Everyone knows how much the Internet has grown. A colleague recently shared with me that when he started his Internet firm in 1991 there were 1 million people in the world with an Internet connection. Today, that number is 4 billion!
The implications of this explosion are enormous. One lesson we’ve learned is to view product or service introductions as learning moments and tests, rather than hardened product lines. The primary benefit of doing so is tests often reveal how a market works and communicates within its trusted channels. By trying out new ideas and gaining quick feedback you can learn what the market really thinks and determine what you should make more permanent within your organization.
Much of the time our assumptions of what a market will value are not correct. This is often difficult to deal with by a leader who is not trained in the art of listening! What makes sense though is to find the “keys” that will unlock your organization’s true strengths and listening helps you find them.
There are many lessons we’ve learned during the past decade, here are three.
Lesson #1: The desire to share is extremely strong. Moments such as a concert, speaking event, product introduction, a walk in the park, enjoying a great meal in a city, are being shot, clicked, and shared at an unprecedented scale. People are passionate about their experiences and want to share them on their social networks. Knowing this and what is of interest to them allows you to tap into new ways to communicate with your customers.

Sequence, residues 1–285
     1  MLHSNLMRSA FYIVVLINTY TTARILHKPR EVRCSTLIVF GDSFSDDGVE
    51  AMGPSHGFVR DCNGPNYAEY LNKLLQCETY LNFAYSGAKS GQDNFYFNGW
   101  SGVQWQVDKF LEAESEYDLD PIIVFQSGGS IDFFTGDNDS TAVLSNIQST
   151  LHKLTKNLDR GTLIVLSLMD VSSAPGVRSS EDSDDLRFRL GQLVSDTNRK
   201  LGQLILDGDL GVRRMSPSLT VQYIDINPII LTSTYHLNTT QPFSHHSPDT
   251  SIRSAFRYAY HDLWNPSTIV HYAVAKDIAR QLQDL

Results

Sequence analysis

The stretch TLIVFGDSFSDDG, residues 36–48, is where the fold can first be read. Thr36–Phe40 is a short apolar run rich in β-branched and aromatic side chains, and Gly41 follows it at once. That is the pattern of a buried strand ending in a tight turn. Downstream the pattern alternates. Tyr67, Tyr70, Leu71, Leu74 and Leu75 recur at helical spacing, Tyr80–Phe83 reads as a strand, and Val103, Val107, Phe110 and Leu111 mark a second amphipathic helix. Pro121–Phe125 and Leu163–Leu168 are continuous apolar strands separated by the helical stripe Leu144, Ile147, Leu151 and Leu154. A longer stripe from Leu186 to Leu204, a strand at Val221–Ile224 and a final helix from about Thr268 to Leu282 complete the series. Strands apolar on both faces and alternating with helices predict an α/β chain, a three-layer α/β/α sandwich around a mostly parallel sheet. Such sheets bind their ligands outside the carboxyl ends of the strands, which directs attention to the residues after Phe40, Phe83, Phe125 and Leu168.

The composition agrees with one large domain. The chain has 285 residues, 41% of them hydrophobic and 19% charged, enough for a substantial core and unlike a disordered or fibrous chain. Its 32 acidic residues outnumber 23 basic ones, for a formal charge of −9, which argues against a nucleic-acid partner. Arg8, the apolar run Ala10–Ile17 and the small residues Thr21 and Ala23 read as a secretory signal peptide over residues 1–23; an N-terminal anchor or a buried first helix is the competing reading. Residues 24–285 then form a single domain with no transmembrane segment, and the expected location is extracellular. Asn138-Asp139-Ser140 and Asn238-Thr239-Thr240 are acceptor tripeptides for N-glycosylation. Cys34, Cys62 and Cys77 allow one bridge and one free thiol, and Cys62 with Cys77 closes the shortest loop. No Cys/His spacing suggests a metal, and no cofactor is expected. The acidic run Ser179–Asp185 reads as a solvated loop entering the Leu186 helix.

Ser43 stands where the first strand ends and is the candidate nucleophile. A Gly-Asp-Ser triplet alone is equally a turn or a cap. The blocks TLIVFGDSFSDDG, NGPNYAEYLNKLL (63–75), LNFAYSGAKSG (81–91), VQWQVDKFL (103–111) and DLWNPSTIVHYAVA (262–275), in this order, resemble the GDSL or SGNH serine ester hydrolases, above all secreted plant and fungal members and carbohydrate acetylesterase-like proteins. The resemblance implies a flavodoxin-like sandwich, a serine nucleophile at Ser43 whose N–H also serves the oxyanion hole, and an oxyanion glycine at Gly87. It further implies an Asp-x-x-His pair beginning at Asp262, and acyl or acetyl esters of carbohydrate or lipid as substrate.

Lesson #2: The desire to search is weak. When you look at what is being posted and what is being looked at, a startling fact emerges. People, even fans, are not that interested in finding other people’s photos and videos! This is true even if they are interested in the particular genre of movie, particular event, or an event they attended. This makes it far more difficult to gain their attention simply by posting your events and issues. What’s required is a more refined understanding of what is at their ‘core interest’ or ‘micro-interest’ and finding new ways to communicate those values to them. It often means changing content to suit their needs versus showing off your products and services.
Lesson #3: Beautiful photographs are not very effective. What used to be untouchable thinking, showing beautiful photographs with the product in action, is not very compelling to customers anymore. Relevance has replaced beauty. In fact, a low quality photo of something of particular interest to a customer will garner far more attention and stickiness than a wonderful full color shot of something with less relevance to the customer.
We’ve also found we shouldn’t assume anything. We’ve learned over time that it’s much more difficult to post something of interest on a fan forum because they are so intensely reviewed that it can take weeks for approval. By then the moment has often passed and it would be better to not post anything. What we’ve found is not intuitive! We’ve discovered this lesson and others by understanding there’s something about being in the moment that no amount of pre-planning can bring.